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Title:Design for Security: Measurement, Analysis and Mitigation Techniques
Author(s):Chen, Shuo
Doctoral Committee Chair(s):Iyer, Ravishankar K.
Department / Program:Computer Science
Discipline:Computer Science
Degree Granting Institution:University of Illinois at Urbana-Champaign
Degree:Ph.D.
Genre:Dissertation
Subject(s):Computer Science
Abstract:This dissertation is focused on measurement and analysis of security vulnerability impact and root causes, as well as the design of several techniques for vulnerability mitigation. The research begins with the analysis of the security vulnerabilities published in the Bugtraq list and CERT advisories. An in-depth analysis of vulnerability reports and the corresponding source code of the applications motivate our development of a finite state machine (FSM) model to reason about security vulnerabilities, which provides a more formal way to depict these attacks. Besides the analysis of security vulnerabilities, this work also shows that although most current attacks compromise system security by overwriting control data, a new type of attack, namely non-control-data attack, can be generally applicable to attack real-world software. The notion of pointer taintedness is introduced as the basis for detecting control-data attacks and non-control-data attacks in a unified manner. A pointer is said to be tainted if the pointer value comes directly or indirectly from user input. Pointer taintedness allows the user to arbitrarily specify the target memory address to read, write or transfer control to, which is usually a pathological program behavior due to memory corruption attacks. Based on the notion of pointer taintedness, we developed a theorem proving technique to identify potential security vulnerabilities via static source code analysis, and implemented a processor architecture mechanism for dynamic pointer taintedness detection. The evaluation shows that the proposed techniques offer a better security coverage than existing methods.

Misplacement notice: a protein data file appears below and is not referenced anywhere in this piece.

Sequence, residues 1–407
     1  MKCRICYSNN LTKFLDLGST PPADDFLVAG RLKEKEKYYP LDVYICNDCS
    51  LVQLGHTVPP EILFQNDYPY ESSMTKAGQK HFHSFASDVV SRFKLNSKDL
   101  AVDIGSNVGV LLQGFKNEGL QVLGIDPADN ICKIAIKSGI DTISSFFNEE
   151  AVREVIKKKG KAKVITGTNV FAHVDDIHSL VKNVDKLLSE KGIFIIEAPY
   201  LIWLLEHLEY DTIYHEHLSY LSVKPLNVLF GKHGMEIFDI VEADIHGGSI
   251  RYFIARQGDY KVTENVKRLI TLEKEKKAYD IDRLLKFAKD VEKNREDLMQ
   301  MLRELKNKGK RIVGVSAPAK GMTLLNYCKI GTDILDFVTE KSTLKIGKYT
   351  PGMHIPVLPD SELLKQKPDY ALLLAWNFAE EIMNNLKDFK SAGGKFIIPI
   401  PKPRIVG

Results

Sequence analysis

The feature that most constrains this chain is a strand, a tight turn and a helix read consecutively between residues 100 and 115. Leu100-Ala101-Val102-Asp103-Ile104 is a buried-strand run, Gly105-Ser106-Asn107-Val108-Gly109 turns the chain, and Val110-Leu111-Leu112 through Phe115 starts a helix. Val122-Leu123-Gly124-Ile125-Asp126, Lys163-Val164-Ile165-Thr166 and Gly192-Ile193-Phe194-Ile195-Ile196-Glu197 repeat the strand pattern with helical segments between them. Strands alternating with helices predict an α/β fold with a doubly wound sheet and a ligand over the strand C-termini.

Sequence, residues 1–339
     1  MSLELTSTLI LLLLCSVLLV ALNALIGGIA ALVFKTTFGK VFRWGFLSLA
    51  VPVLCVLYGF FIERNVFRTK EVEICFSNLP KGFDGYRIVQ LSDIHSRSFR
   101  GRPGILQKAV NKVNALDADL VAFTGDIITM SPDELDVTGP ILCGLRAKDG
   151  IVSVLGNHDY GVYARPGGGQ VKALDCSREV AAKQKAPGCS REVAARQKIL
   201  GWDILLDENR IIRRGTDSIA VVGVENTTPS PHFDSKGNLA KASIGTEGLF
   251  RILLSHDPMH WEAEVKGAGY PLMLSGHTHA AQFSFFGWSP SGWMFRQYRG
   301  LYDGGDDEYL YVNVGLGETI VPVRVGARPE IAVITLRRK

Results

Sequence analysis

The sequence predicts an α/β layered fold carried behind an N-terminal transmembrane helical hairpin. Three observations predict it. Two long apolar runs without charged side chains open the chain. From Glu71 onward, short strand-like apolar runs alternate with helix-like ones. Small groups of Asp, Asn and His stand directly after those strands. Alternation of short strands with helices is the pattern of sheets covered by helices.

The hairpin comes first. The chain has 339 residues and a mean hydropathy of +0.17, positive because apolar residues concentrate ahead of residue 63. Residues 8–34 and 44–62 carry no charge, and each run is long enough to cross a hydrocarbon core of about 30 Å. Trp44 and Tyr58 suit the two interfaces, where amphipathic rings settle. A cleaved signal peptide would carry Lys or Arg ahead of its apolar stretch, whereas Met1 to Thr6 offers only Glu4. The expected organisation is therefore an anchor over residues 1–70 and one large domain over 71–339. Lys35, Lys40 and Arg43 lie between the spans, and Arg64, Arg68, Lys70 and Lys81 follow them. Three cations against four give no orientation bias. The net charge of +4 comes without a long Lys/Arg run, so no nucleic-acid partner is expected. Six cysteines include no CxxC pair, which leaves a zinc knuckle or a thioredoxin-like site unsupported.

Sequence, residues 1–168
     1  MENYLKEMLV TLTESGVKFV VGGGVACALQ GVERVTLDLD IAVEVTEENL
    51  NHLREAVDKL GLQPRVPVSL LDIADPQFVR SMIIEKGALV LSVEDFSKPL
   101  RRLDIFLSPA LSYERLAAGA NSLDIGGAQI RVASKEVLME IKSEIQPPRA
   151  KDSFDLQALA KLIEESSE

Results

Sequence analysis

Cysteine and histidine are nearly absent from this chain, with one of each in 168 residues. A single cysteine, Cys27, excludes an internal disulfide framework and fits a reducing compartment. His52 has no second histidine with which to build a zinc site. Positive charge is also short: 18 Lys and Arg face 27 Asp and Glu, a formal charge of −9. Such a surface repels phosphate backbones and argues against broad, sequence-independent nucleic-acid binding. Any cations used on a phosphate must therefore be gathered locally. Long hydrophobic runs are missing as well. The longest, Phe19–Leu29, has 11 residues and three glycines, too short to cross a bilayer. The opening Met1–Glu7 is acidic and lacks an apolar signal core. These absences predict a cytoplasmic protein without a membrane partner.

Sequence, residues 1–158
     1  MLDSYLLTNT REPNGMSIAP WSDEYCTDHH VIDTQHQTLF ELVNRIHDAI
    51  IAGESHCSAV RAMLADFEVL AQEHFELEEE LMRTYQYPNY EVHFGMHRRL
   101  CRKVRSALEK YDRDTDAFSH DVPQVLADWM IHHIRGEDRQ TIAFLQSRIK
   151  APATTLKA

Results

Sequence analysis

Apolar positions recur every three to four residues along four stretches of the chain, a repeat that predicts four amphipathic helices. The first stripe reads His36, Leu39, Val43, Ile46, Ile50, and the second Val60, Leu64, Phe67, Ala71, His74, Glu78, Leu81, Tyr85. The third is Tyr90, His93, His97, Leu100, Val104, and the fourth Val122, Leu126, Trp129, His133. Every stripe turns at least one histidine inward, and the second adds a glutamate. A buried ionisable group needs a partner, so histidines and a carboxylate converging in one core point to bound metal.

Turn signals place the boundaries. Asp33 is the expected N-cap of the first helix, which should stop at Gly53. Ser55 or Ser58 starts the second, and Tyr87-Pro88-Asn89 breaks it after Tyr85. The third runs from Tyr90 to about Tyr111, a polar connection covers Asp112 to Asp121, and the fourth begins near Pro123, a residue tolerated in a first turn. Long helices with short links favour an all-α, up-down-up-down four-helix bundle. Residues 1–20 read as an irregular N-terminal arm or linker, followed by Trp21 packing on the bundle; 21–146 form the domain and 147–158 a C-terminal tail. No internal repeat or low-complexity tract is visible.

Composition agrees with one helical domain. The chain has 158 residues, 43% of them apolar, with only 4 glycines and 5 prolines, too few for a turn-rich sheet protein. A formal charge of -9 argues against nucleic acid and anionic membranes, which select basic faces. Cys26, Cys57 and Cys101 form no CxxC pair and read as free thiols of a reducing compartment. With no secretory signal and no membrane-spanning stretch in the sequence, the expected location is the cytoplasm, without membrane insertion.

Issue Date:2005
Type:Text
Language:English
Description:112 p.
Thesis (Ph.D.)--University of Illinois at Urbana-Champaign, 2005.
URI:http://hdl.handle.net/2142/81704
Other Identifier(s):(MiAaPQ)AAI3202072
Date Available in IDEALS:2015-09-25
Date Deposited:2005


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